What happens now that Trump has dumped the TPP?
The TPP is not officially dead until February 2018, the deadline for signing nations to ratify it. It requires ratification by at least six countries accounting for 85% of the combined gross domestic product of the member nations. This means the US and Japan must be included.
The Trump administration claims to be interested in bi-lateral trade deals instead, and intends to re-negotiate NAFTA as well.
The provisions of the TPP that we oppose will not die with the deal. They will simply be inserted in other deals, currently being negotiated or coming soon.
Framing the Debate
Supporters of the TPP, including Chrystia Freeland, Canada’s Minister of Foreign Affairs (and former Minister of International Trade) have used Trump’s opposition to create a false argument: that anti-TPP = anti-trade. “We’re living in an era of nativism and protectionism, something that I think is very dangerous for the world and for Canadians,” said Freeland, (speaking to the Senate trade committee, Nov. 22/16, reported by Global News)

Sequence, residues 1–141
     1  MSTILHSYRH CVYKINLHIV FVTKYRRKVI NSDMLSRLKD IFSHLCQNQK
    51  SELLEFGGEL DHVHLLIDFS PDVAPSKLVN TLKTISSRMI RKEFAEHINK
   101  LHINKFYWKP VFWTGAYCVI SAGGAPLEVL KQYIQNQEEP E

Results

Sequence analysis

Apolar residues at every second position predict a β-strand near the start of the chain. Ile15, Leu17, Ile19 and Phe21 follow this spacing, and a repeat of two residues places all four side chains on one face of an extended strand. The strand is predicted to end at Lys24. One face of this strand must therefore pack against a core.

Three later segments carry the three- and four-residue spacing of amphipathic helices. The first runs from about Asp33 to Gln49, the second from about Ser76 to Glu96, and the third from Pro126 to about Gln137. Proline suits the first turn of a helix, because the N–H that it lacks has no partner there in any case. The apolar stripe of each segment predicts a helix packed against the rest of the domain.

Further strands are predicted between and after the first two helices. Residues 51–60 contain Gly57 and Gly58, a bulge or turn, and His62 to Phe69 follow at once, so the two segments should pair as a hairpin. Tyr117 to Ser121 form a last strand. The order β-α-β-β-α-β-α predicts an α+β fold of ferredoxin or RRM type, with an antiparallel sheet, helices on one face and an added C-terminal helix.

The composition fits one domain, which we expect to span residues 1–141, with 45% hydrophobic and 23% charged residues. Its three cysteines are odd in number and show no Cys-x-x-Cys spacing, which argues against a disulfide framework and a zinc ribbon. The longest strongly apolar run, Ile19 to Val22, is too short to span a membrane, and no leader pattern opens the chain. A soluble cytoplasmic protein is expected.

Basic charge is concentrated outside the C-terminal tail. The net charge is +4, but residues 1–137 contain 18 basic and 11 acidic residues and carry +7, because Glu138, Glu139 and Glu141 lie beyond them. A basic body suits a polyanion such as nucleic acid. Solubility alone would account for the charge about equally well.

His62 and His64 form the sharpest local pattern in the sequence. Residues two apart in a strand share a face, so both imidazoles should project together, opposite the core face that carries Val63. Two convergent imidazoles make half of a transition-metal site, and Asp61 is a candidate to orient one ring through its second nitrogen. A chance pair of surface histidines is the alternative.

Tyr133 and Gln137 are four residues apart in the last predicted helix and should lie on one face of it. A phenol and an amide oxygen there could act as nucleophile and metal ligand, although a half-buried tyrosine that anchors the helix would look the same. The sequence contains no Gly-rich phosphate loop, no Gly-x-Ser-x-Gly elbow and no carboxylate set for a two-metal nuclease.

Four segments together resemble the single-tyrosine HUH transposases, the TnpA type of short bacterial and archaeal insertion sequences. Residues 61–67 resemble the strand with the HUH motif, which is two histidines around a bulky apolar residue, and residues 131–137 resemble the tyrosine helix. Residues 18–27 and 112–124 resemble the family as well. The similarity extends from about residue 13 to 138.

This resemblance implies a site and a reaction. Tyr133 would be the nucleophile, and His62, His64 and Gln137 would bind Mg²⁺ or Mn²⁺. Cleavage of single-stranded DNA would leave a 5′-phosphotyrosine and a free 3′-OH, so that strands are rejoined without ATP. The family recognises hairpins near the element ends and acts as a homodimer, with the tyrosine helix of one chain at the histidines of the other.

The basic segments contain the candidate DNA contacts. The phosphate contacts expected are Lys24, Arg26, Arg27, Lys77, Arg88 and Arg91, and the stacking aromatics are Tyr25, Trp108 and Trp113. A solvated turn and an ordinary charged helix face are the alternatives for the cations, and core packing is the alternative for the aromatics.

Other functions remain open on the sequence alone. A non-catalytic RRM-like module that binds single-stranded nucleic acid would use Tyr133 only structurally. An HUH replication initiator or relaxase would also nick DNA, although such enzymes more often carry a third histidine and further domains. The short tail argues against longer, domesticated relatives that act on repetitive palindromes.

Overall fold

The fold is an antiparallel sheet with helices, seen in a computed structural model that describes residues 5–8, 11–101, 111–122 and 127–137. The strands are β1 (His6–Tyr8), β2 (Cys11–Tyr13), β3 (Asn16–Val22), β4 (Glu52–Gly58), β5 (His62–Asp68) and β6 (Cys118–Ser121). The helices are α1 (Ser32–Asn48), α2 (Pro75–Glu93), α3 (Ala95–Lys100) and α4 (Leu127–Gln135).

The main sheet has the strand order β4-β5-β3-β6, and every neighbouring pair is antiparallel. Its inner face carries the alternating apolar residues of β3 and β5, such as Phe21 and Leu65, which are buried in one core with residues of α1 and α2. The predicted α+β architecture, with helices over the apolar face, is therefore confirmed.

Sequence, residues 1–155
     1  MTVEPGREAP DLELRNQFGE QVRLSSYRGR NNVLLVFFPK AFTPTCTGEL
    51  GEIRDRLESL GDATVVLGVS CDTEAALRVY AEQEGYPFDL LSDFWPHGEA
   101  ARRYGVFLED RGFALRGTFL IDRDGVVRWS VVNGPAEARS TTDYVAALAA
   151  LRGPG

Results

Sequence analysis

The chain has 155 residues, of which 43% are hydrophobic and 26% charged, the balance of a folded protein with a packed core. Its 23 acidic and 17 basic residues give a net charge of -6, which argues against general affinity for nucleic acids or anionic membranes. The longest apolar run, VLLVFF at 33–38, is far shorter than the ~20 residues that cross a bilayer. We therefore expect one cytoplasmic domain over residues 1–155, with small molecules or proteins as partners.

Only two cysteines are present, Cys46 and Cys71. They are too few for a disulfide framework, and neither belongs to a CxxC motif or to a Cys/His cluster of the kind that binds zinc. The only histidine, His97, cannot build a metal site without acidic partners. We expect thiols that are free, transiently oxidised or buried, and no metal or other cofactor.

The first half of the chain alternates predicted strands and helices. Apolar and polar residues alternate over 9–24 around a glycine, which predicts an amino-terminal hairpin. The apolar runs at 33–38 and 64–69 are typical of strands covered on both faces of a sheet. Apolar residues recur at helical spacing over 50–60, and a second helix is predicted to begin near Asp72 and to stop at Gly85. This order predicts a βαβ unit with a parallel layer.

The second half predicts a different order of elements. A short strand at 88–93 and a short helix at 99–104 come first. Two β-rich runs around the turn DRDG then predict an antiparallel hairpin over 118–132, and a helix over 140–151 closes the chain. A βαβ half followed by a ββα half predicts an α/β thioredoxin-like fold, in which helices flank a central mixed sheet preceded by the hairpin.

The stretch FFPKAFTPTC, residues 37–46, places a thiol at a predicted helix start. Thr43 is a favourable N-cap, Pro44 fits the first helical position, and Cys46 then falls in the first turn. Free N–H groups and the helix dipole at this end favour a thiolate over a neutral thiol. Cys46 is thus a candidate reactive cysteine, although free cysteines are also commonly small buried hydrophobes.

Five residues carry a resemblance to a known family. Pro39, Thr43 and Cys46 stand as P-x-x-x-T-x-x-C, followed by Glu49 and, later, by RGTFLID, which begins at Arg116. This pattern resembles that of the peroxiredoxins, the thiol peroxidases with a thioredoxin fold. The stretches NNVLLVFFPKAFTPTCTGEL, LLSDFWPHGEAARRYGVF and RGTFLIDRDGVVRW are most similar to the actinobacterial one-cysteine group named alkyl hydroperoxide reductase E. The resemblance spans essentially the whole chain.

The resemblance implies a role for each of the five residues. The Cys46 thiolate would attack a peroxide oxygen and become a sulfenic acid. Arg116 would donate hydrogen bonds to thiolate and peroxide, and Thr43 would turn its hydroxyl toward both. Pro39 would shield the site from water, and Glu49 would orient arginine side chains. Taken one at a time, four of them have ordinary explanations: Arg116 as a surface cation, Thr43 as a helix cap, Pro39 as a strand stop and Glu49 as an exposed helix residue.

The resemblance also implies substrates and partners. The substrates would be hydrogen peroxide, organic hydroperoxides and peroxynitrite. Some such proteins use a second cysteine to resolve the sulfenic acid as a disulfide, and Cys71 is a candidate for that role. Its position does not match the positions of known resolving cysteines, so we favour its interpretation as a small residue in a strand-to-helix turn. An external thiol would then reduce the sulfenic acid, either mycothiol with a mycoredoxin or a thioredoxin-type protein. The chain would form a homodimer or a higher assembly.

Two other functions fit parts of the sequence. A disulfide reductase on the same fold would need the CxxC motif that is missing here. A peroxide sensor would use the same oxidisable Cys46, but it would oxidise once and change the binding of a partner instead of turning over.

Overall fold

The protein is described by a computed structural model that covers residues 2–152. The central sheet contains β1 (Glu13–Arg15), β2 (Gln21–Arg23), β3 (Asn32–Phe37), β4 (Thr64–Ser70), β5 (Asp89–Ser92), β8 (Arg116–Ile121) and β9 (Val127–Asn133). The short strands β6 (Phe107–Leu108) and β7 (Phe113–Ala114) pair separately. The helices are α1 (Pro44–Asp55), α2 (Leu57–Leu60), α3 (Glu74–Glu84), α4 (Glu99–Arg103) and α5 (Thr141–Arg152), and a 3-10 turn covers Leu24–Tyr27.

The promoters of multi-lateral trade deals, like NAFTA and the TPP frame the pro and con arguments this way:
They say being against the deal means being:
- Pro-tariff (Trump uses them as threat)
The say being for the deal means being for:
- More Exports
- Cheaper consumer goods
Missing the Point
Setting up this false dichotomy means they do not deal with the real problems and issues embodied in these deals.
Being anti-TPP is NOT automatically being anti-trade.
For PCM it means being for Fair Trade.
But it does mean being against the provisions (in many trade deals) that limit governments’ ability to govern in the interests of the people, and favour multinational corporations’ interests above the public interest.
It certainly means opposing ISDS, the investor-state dispute settlement process.
“If you wanted to convince the public that international trade agreements are a way to let multinational companies get rich at the expense of ordinary people, this is what you would do: give foreign firms a special right to apply to a secretive tribunal of highly paid corporate lawyers for compensation whenever a government passes a law to, say, discourage smoking, protect the environment or prevent a nuclear catastrophe. Yet that is precisely what thousands of trade and investment treaties over the past half century have done, through a process known as ‘investor-state dispute settlement’, or ISDS.”
(The Economist, October 11, 2014)
After U.S. exit, Asian nations try to save TPP trade deal
Reuters, Jan, 24, 2017
Investor-state dispute settlement: The arbitration game
The Economist, Oct. 11, 2014
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